March 12th 2015
New York Daily News
It’s time to get real about real- estate prices.
Sellers of some of the city’s most expensive properties are dramatically slashing prices, even as developers keep trying to push the boundaries of the luxury market with pie-in-the-sky price tags of up to $175 million.
“Million Dollar Listing New York” star Fredrik Eklund and business partner John Gomes of Douglas Elliman are cutting the price on their ritziest listing — the stunning 7,061-square-foot penthouse at 11 N. Moore St. in Tribeca — by more than 25%. Initially, they were seeking $40 million. Now it can be yours for $29.95 million.
“We made a decision to get real and sell it,” Eklund said of his listing.
He and Gomes aren’t the only ones axing prices.
Embattled hedge-fund billionaire Steven Cohen, who heads the Wall Street firm formerly known as SAC Capital Advisors, recently reduced the listing price of his palatial One Beacon Court penthouse to $82 million from an ambitious $110 million.
And the owner of the penthouse at the storied Pierre Hotel on the Upper East Side has cut the listing price on the unit by almost half, to $63 million.
It’s not that these apartments aren’t top-notch — it’s simply that they’re overpriced.
Eklund’s property has 28 massive windows, soaring ceilings, a spectacular terrace overlooking Lower Manhattan and even a private pool.
Plenty of prospective buyers, including Leonardo DiCaprio, toured the penthouse after it was listed last December, but they could not get their heads around the $40 million price tag.
That was exactly the kind of reaction Eklund and Gomes were prepared for, they said.
“Fredrik and I love, love, love to break records. That’s what we were trying to do here,” Gomes said. “We were treading new waters and trying to determine the limit for pricing for these one-of-a-kind penthouse apartments. We don’t actually know what the limit is.”
It’s the real-estate equivalent of throwing everything against the wall and seeing what sticks.
“At the beginning of the sales process, you have nothing to lose when you list your penthouse at a pie-in-the-sky price,” Gomes said. “You have a lot of time. You never know when someone will fly into New York City on a G5 (private jet) and just has to have your penthouse. Sometimes you get lucky, and when you don’t, quite frankly, you get realistic and you adjust the price to meet market expectations.”
And, sometimes, miracles do happen.
“There are situations where developers have gotten numbers that left everyone scratching their heads,” said Jason Haber of residential brokerage Warburg Realty, referring to a recent $100.5 million penthouse sale at 157 W. 57th St. “When the numbers at One57 first came out, everyone said, ‘No way.’ But, for the most part, they got them.” (One caveat: The buyer of that penthouse got a tax break so large, the law that created it is under fire from state legislators.)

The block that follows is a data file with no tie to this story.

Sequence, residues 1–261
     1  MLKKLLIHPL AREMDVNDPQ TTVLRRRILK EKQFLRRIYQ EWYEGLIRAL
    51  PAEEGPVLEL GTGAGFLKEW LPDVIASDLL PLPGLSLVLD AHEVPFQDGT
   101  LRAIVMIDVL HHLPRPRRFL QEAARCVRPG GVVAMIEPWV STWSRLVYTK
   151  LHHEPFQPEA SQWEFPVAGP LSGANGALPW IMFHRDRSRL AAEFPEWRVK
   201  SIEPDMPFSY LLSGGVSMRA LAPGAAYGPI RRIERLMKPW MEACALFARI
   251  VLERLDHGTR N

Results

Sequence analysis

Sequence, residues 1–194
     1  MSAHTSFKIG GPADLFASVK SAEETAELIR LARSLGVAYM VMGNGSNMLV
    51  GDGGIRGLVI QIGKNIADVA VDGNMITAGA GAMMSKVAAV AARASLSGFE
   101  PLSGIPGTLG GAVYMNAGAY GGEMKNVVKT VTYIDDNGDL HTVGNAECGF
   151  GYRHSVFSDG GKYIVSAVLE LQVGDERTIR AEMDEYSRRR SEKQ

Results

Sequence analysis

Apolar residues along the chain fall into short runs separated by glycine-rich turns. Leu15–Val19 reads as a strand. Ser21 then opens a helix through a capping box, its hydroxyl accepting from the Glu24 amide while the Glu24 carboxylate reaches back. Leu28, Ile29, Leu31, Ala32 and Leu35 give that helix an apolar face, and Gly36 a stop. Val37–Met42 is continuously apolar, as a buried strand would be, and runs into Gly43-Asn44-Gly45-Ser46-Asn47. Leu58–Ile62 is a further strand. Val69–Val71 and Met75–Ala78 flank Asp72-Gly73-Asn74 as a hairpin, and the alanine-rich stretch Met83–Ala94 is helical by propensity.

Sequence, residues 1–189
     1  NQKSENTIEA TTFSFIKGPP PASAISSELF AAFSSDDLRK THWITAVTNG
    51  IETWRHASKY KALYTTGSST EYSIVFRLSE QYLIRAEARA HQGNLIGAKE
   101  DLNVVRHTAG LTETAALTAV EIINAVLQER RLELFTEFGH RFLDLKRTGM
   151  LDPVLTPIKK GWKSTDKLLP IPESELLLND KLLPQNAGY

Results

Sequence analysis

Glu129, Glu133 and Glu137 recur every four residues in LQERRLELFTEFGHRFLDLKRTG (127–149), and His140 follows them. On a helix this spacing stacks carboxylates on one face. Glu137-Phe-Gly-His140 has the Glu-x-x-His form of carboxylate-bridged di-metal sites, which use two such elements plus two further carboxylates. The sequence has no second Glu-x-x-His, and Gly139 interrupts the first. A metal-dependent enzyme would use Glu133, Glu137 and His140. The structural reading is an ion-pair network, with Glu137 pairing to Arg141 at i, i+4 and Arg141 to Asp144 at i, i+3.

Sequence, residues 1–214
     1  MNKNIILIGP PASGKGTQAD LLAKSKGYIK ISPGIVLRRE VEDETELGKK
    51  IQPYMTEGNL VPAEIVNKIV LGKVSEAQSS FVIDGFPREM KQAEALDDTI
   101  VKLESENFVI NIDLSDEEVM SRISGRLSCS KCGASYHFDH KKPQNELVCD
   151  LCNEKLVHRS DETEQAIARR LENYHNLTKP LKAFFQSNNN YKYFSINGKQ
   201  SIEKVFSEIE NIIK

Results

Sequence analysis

The string of high-profile price cuts is a bad omen for the luxury market, particularly as developers of new towers continue to make headlines and raise eyebrows with their asking prices.
It’s a dichotomy that arises after several years of a hot market for uber-luxury properties, paired with a more recent dropoff in demand from the Chinese business magnates and Russian oligarchs at whom such pads are targeted.
A massive, 21,504-square-foot penthouse encompassing three full floors of the Sony building at 550 Madison Ave., is slated to come on the market for $150 million, and there’s a $130 million penthouse in a tower going up at 520 Park Ave.
A penthouse in one of the most buzzed-about new buildings in years, a glitzy skyscraper at 220 Central Park South, is rumored to be asking a jaw-dropping $175 million.
None of the properties have even been built yet, and if any of them sell for close to their asking prices, they would smash the $100.5 million record paid on Billionaires’ Row.
“Being a developer is kind of like being a character in ‘Star Trek,’ ” Haber said. “Sometimes you can bend the laws of physics, and sometimes you can’t.”
But those with boots on the ground, and listings currently on the market, say things are getting out of control.
“It’s starting to get to the point where it’s nauseating to people. It’s like, ‘Why don’t you just put a number like $250 million on it if you’re going to be ridiculous?’ The numbers are meaningless,” said Andrew Gerringer of the Marketing Directors, a new-development sales firm. “Unless your country is physically crumbling and you need to get your money out, or you’re getting ready to go to jail, I can’t think why you would put $175 million down for anything.”